And this battle that I lost, that I deserved to win? That’s grace, too. I haven’t figured out why just yet, but because I know Who’s taking care of me, I know that it’s true.

Like Brennan Manning said, “All is grace.”

“So while the principle of sowing and reaping continues to be operational in our world, there are exceptions. And I bet you already knew that. Like me, you’ve seen some hard-working, responsible people who did everything right financially fall on hard times because of circumstances completely beyond their control. You know people who took great care of themselves whose bodies were eventually destroyed by disease. I bet you’ve seen some dishonest people prosper, too. But the good news is that there is another kind of exception to the principle of sowing and reaping….The exception I’m referring to is grace….Grace is the vehicle God uses on occasion to ensure that we get precisely what we don’t deserve.”

Stanley, Andy. (2010-10-19). The Grace of God. Thomas Nelson.

This post is part of our weekly book discussion on Andy Stanley’s book, The Grace of God. You don’t have to read the book to discuss! Feel free to leave your comments below. If you’ve written a response to this week’s chapter, run on over to my co-facilitator, Jason Stasyszen’s place, and link it up on the widget. Next week, the widget will be back here, so come on back!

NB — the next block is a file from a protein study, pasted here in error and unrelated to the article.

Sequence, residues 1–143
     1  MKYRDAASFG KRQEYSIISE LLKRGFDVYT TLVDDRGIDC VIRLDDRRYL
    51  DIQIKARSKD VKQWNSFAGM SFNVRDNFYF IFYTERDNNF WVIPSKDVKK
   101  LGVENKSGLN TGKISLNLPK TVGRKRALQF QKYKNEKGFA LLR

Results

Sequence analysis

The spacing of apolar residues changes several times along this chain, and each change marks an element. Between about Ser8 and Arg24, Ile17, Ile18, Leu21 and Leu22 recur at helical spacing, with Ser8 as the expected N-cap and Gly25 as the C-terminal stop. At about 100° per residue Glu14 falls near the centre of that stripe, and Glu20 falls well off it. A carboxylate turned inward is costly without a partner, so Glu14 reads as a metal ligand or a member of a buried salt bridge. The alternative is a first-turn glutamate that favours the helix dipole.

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Comments

  1. I just finished Brennan’s autobiography and I thought a lot about him during this chapter. He struggled his whole life with alcoholism. He would go minister and then hide for days in a drunken stupor, but God kept touching people and kept bringing Brennan back to his Abba. I don’t know why everything worked out the way it did, but it was grace and it never ran out. Gives me hope for my struggles and foibles.

    By the way, you’re not alone in those unmentionables, but I do hope some day you find someone you can share completely with and find the love and acceptance God has for you. I’ve had my share and being able to convey that to a trusted person and still feel their love and not have them look at me differently? That’s amazing. That’s healing. That’s grace.

    Thanks Sarah.

  2. Sarah Salter says:

    Jason, maybe that’s why everything worked out with Brennan the way it did – to give us hope for our struggles and foibles. I long ago learned that God’s grace is so much greater than people’s. He never gives up on me. He never walks away or walks out on me. No matter what screwed up thing I do, say, or think.

  3. This life perceived through the lens of our understanding is often perceived as a catastrophic mess. When seen through the lens of God’s purpose and love, it becomes a masterpiece that defies all human logic.

  4. Sarah Salter says:

    So true, Dusty! I once had an accountability partner who would often tell me that I was being too hard on myself. She would say, “Sarah, you’re doing way better than you think you are! Besides, it’s okay to be where you are – as long as you don’t stay there.” Sometimes, it’s just kinda hard to see through His eyes. :-)